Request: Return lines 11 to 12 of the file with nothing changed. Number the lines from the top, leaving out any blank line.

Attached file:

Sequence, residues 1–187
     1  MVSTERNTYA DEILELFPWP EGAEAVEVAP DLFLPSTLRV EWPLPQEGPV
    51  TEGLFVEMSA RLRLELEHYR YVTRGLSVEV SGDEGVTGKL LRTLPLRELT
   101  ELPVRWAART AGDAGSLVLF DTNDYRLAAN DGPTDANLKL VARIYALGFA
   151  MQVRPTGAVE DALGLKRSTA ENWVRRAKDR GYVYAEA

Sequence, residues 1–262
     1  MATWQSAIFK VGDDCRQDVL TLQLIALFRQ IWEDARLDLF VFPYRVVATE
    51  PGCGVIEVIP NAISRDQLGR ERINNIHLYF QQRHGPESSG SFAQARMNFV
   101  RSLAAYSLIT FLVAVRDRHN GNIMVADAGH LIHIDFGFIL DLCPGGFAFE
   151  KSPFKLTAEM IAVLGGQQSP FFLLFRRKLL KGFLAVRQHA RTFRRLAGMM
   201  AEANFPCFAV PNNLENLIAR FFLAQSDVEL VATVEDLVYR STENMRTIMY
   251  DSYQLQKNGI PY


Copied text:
   201  AEANFPCFAV PNNLENLIAR FFLAQSDVEL VATVEDLVYR STENMRTIMY
   251  DSYQLQKNGI PY